Deep Indian Ocean mining behind snail getting into IUCN endangered list?

Deepsea Scaly foot gastropod
Deepsea Scaly foot gastropod (Crysomallon squamiferum ) from Dragon vent field, Indian Ocean. It coats its shell and tiny plates on its foot with iron that it takes out of the surrounding seawater. David Shale/Nature Picture Library

China has pioneered deep-sea mining in the Indian Ocean with the UN approval but biologists have realized that it is leading to extinction one of the most prized creatures underneath that depends on iron coating.

The scaly-foot snail (Chrysomallon squamiferum) snail that lives near hydrothermal vents on the ocean floor east of Madagascar has become the first deep-sea animal to be declared endangered because of the threat of mining.

The International Union for Conservation of Nature (IUCN) added the snail to its Red List of endangered species on 18 July, 2019, at a time when several multi-national companies are rushing for exploratory mining licenses in the Ocean.

"This is an important step towards alerting policymakers to the potential impacts deep-sea mining may have on biodiversity," says Lisa Levin, a biologist at the Scripps Institution of Oceanography in La Jolla, California.

The scaly-foot snail is found at three hydrothermal vents in the Indian Ocean, and they occupy merely an area of the size of two American football fields, explains another scientist Julia Sigwart from the Queen's University Belfast, UK.

Two of the three vents are currently under mining exploration licences. Just one vent is enough to destroy the habitat, says Chong Chen, a deep-sea biologist and Commentary coauthor at the Japan Agency for Marine-Earth Science and Technology in Yokosuka.

The commentary has been published in the journal Nature Ecology & Evolution on 22 July, 2019.

For decades, mining companies have been engaged in identifying the deposits in minerals and metals that form near hydrothermal vents. When the hot, mineral-laden water from a vent mixes with cold seawater, it deposits materials, such as manganese and copper, on the ocean floor. Collecting these deposits is now made economically feasible with advanced technology.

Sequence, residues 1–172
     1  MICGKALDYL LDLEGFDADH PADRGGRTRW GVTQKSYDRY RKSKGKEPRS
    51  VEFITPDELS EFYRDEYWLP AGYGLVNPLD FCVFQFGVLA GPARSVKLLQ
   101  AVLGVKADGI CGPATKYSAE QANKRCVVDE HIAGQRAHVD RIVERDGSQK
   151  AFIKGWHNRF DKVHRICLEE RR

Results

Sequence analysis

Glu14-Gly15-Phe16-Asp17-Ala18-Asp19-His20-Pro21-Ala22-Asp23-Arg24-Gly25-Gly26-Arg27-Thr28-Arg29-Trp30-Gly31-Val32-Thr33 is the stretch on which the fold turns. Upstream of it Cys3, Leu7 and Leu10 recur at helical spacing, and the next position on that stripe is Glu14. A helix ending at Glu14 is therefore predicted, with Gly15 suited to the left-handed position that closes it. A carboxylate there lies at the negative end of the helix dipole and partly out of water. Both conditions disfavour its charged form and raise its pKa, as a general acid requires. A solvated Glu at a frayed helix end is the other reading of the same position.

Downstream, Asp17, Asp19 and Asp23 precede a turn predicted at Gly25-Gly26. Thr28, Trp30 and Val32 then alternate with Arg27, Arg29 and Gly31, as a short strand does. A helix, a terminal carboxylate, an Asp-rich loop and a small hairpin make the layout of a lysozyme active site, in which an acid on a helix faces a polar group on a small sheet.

But full-scale mining requires the UN arm International Seabed Authority (ISA) permit and the agency is currently formulating a code of conduct, which it hopes to implement by 2020. "There's currently debate over whether environmental guidelines will be mandatory or just recommended," Levin said.

Brushing aside the extinction argument, Holly Niner, who studies ocean environmental policy at Aalborg University in Denmark, says it's too early to say the mining will affect endangered animals. "Hopefully regulatory officials and industry will protect vulnerable areas and direct mining operations to less sensitive habitats," she says.

Sigwart and Chen insist that it's a good time to raise awareness of the vulnerability of hydrothermal-vent ecosystems and getting the scaly-foot snail on the Red List is the first step.

China has pioneered deep-sea mining in the Indian Ocean with the UN approval but biologists have realized that it is leading to extinction one of the most prized creatures underneath that depends on iron coating.

The scaly-foot snail (Chrysomallon squamiferum) snail that lives near hydrothermal vents on the ocean floor east of Madagascar has become the first deep-sea animal to be declared endangered because of the threat of mining.

The International Union for Conservation of Nature (IUCN) added the snail to its Red List of endangered species on 18 July, 2019, at a time when several multi-national companies are rushing for exploratory mining licenses in the Ocean.

"This is an important step towards alerting policymakers to the potential impacts deep-sea mining may have on biodiversity," says Lisa Levin, a biologist at the Scripps Institution of Oceanography in La Jolla, California.

The scaly-foot snail is found at three hydrothermal vents in the Indian Ocean, and they occupy merely an area of the size of two American football fields, explains another scientist Julia Sigwart from the Queen's University Belfast, UK.

Two of the three vents are currently under mining exploration licences. Just one vent is enough to destroy the habitat, says Chong Chen, a deep-sea biologist and Commentary coauthor at the Japan Agency for Marine-Earth Science and Technology in Yokosuka.

The commentary has been published in the journal Nature Ecology & Evolution on 22 July, 2019.

For decades, mining companies have been engaged in identifying the deposits in minerals and metals that form near hydrothermal vents. When the hot, mineral-laden water from a vent mixes with cold seawater, it deposits materials, such as manganese and copper, on the ocean floor. Collecting these deposits is now made economically feasible with advanced technology.

But full-scale mining requires the UN arm International Seabed Authority (ISA) permit and the agency is currently formulating a code of conduct, which it hopes to implement by 2020. "There's currently debate over whether environmental guidelines will be mandatory or just recommended," Levin said.

Brushing aside the extinction argument, Holly Niner, who studies ocean environmental policy at Aalborg University in Denmark, says it's too early to say the mining will affect endangered animals. "Hopefully regulatory officials and industry will protect vulnerable areas and direct mining operations to less sensitive habitats," she says.

Sigwart and Chen insist that it's a good time to raise awareness of the vulnerability of hydrothermal-vent ecosystems and getting the scaly-foot snail on the Red List is the first step.

This article was first published on July 24, 2019
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